Note the three scales are all different, so you can't compare numbers between images. This give approximately, in the highest areas:

    Mn (Manganese) 35 in thin veins
    Fe (Iron) 103, in thick areas
    F (Fluorine) 6, in thick areas.

    But what do the numbers mean?
    Last edited: Jan 30, 2018
  16. Mick West

    Mick West Administrator Staff Member

    The images seem to come from a Cameca SX100 Electron Microprobe. Similar images from more recent similar machine label the scale as "cts"
    Metabunk 2018-01-30 08-29-30.

    There's similar variations in scale, with this one going over 600:
    Metabunk 2018-01-30 08-30-35.

    "cts" means "counts" and is the number of individual samples for a given point that fall inside the peak of element being considered. To convert that to a % of the weight is a complex process. However the cts is dependent on the sampling time. Sample twice as long, and you get twice as many cts. A better figure would be cps.

    There's a lot of potential for error here just looking at cts. If it counts all the peaks (K and L) then there's the overlap problem
    Metabunk 2018-01-30 09-01-08.

    Where if you had pure iron, and counted the samples for Manganese, you'd get quite a few counts.

    Fluorine only has a single peak, which falls right in the middle of the L peak for iron.
    Metabunk 2018-01-30 09-11-27.
    So again, it would seem that just going by the cts value you'd get some results for Mn and F, even if the sample were pure Fe.
  17. benthamitemetric

    benthamitemetric Active Member

    I found a similar output on page 4 of this pdf from UMN. As with the cts scale, the gradients are indicators or relative intensity based on previous measurements. The UMN paper goes on at some length talking about various limits and considerations when obtaining and using such data, but much of it is greek to me.
  18. Mick West

    Mick West Administrator Staff Member


    Note F and Mn are the prime examples given for misidentification in iron rich samples.

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  19. Oystein

    Oystein Active Member

    A similar identification problem exists for Strontium (Sr), which has a peak (L-alpha) at 1.806 keV very near the Si K-alpha at 1.740 keV - a spread of 66 eV. The article says this should be no big problem for the software to disentangle.
    This Si/Sr overlap becomes relevant in the analysis of certain red/grey chips analyzed by Jones (using Harrit as lead author): One of their key graphs detected minute signals of Sr in the noise beyond 14 keV, where the plot fizzles out - the K-family lines. But then there ought to be also a signal at said 1.806 keV location. This L-alpha would be much much larger than the K-lines, but it's buried under the Si K-alpha. This graphic from a whiteletter Harrit wrote in May 2009:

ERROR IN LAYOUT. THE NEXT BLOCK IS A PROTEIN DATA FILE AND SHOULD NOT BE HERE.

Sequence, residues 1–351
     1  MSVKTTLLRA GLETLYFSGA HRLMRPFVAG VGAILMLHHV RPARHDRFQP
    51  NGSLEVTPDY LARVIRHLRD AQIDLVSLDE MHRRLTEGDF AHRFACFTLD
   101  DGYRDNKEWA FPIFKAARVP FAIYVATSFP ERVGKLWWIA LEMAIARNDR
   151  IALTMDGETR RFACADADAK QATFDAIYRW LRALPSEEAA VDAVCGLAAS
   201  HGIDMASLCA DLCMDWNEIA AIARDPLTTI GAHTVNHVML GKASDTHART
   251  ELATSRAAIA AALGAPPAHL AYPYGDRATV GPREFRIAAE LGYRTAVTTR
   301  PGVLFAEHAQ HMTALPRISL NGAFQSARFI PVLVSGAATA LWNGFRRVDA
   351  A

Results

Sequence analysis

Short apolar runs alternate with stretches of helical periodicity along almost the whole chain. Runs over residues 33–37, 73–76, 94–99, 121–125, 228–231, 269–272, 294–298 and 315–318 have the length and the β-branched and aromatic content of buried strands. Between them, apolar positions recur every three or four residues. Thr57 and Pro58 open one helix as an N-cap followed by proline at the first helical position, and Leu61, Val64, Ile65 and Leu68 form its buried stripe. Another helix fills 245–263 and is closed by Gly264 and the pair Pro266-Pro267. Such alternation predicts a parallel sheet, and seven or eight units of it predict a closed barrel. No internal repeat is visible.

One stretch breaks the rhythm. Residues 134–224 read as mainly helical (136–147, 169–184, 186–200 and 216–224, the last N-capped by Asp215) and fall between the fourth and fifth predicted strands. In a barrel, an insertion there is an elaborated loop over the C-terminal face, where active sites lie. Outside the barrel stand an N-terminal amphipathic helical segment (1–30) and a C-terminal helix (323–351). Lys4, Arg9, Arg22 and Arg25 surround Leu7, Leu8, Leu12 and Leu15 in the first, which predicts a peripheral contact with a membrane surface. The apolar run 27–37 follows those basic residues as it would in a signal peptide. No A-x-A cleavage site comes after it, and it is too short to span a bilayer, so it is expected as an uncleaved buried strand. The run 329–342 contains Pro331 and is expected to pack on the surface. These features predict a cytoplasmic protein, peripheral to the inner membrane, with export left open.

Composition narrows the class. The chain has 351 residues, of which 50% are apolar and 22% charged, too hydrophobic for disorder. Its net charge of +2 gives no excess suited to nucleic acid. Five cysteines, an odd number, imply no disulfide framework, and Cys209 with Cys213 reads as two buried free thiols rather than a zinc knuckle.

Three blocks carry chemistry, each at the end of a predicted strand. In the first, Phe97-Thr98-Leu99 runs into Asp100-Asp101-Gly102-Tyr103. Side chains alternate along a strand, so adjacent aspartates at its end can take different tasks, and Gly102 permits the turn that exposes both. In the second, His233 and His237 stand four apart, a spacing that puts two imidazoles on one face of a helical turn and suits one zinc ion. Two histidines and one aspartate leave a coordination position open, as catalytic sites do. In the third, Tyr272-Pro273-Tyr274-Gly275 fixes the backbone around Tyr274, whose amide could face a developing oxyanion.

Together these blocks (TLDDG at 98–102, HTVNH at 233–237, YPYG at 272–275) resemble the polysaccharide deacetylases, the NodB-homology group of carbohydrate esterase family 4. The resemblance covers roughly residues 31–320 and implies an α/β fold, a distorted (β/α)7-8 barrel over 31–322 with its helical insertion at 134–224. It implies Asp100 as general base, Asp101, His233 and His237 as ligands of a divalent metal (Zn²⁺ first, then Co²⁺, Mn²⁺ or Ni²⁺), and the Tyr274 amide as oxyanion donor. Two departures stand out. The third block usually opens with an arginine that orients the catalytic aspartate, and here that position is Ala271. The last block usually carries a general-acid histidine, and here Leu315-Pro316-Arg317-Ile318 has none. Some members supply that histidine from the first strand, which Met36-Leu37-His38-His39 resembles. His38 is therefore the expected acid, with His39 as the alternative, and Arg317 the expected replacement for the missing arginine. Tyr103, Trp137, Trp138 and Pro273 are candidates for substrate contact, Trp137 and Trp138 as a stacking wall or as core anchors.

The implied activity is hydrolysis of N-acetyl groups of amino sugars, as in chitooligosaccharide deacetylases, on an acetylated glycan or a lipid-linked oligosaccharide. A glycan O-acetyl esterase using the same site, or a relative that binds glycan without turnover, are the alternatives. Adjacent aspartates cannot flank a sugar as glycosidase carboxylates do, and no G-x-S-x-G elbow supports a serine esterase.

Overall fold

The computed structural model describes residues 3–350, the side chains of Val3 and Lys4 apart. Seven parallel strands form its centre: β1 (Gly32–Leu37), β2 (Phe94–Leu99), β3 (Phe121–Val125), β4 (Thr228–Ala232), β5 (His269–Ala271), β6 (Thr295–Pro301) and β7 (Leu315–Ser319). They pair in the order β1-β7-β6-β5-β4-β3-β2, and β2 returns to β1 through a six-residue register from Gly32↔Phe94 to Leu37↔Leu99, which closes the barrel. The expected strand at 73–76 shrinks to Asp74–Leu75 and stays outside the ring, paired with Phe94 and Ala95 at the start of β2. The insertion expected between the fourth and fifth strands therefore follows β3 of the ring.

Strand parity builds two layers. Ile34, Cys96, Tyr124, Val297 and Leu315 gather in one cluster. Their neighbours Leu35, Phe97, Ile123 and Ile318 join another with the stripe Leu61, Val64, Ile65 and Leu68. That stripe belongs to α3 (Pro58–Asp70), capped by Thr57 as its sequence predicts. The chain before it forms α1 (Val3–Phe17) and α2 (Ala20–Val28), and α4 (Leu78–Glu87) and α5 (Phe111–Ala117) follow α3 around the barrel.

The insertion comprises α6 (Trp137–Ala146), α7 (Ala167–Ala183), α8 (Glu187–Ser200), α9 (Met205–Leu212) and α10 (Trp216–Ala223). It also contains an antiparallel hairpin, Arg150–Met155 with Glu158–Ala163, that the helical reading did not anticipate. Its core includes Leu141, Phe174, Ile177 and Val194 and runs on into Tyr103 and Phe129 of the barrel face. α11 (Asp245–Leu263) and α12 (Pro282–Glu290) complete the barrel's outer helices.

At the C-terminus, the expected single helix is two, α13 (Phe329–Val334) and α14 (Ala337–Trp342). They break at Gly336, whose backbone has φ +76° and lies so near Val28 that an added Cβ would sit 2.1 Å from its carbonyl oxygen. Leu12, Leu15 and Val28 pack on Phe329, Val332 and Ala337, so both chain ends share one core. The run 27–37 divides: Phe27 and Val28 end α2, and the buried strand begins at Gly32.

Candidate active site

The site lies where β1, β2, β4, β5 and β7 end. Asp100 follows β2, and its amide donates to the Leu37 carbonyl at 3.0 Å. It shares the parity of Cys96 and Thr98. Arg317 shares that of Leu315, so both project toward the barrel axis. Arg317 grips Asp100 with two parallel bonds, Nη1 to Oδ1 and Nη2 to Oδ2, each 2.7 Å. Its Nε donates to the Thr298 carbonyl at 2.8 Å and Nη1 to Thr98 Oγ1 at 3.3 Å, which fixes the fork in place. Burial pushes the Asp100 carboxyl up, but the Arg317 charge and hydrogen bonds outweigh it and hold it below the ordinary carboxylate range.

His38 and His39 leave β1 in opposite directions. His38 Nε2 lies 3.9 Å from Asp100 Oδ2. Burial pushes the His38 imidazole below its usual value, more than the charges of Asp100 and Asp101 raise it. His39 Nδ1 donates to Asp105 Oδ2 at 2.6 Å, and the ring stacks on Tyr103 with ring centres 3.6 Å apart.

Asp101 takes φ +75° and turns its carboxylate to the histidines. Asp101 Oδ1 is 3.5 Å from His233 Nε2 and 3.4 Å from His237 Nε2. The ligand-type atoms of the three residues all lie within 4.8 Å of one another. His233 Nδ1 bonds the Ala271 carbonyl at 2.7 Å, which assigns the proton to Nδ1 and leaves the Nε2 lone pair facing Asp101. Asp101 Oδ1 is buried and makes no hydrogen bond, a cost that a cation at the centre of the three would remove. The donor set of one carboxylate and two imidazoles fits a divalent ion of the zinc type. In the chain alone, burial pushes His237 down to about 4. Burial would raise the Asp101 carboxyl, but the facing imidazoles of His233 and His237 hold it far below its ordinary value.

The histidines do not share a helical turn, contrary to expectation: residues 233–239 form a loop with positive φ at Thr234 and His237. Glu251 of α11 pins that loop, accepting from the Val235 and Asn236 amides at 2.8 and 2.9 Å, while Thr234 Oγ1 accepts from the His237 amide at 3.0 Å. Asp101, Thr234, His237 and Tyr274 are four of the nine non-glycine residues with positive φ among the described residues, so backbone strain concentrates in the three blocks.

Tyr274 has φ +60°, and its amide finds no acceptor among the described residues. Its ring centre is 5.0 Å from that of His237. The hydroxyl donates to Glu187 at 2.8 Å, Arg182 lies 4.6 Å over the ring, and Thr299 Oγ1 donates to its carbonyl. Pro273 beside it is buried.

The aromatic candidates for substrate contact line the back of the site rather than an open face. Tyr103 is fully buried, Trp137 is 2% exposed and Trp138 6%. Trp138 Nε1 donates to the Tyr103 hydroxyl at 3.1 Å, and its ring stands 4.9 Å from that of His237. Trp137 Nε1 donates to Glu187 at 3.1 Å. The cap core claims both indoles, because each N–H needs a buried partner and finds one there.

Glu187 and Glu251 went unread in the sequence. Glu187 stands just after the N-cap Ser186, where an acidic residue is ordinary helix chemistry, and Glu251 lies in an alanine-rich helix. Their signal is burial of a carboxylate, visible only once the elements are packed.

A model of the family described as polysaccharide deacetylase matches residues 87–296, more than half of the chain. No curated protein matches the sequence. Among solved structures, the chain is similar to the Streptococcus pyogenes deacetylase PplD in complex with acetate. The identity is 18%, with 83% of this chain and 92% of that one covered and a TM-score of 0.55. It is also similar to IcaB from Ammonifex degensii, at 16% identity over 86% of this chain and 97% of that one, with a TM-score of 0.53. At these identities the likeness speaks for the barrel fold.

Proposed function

No label for Sr L-alpha.

    I have done two simulations of the "LaClede" primer paint that was specified for the WTC1+2 floor joists - the red plot is the original paint recipe, in the blue line, I substituted Ge for Si, to remove the Si-peak. You can see a clear Sr-peak there:
    Compare LaClede - LaClede-Si+Ge 20 keV.
    (I cut the plot at 10 keV, but around 14 and 16 keV, there is no visible peak amonge the noise).
    (Note by the way that the highest Ge-peak, representing the exaxt same mass fraction as Si, has not even half the hight of the Si-peak. Why? Because it's the L-alpha of Ge, but K-alpha of Si. The Ge K-alpha is the blip very near 10 keV; that is short because all counts peter off as you go to the right.)

    I have to go to sleep, or else I would dig up links and more graphs to make a more comprehensive point. The short is: I believe Jones and Harrit sometimes edit the element labels in their EDS plots.

    (I also want to note that they forgot to "find" fluoride in the red material :D)
  20. Oystein

    Oystein Active Member

    Another paper discussing the (several!) causes for misidentifying elements in EDS plots:
  21. Me2

    Me2 New Member

    Straight cuts just indicate the skill of the user, and the circumstances. You can be a great operator, but if you have to stand or lean at an awkward angle, you won't be able to make a straight cut. Honestly, it's like none of these people have actually seen a torch cut (or other thermally cut) surface before. My partner and I used to ask iron workers where the alligators were, and when we got the WTF look, we'd say one was obviously chewing on this steel here, where'd it go?

    With regard to the elements in question, none of those are unusual to find in steel. Al and Si are used in structural steels as deoxidizers during casting, calcium and possibly potassium are used in slag formation to protect the molten steel surface, Mn is present in virtually all steels, as is Sulphur, and the two go together, ie were it not for Sulphur, we wouldn't need to add Mn. I've had a fair amount of EDS work done for me, but am unfamiliar with the intricacies of it's interpretation, but it appears to be like most other analytical techniques. If you don't do it right and interpret the results properly, the end results don't mean anything. No analytical method I'm familiar with is as clean and sure as you see on TV or in movies. It's hard to imagine a BYU physicist or any architect or engineer familiar with construction not understanding how these tests could be wrong or misinterpreted.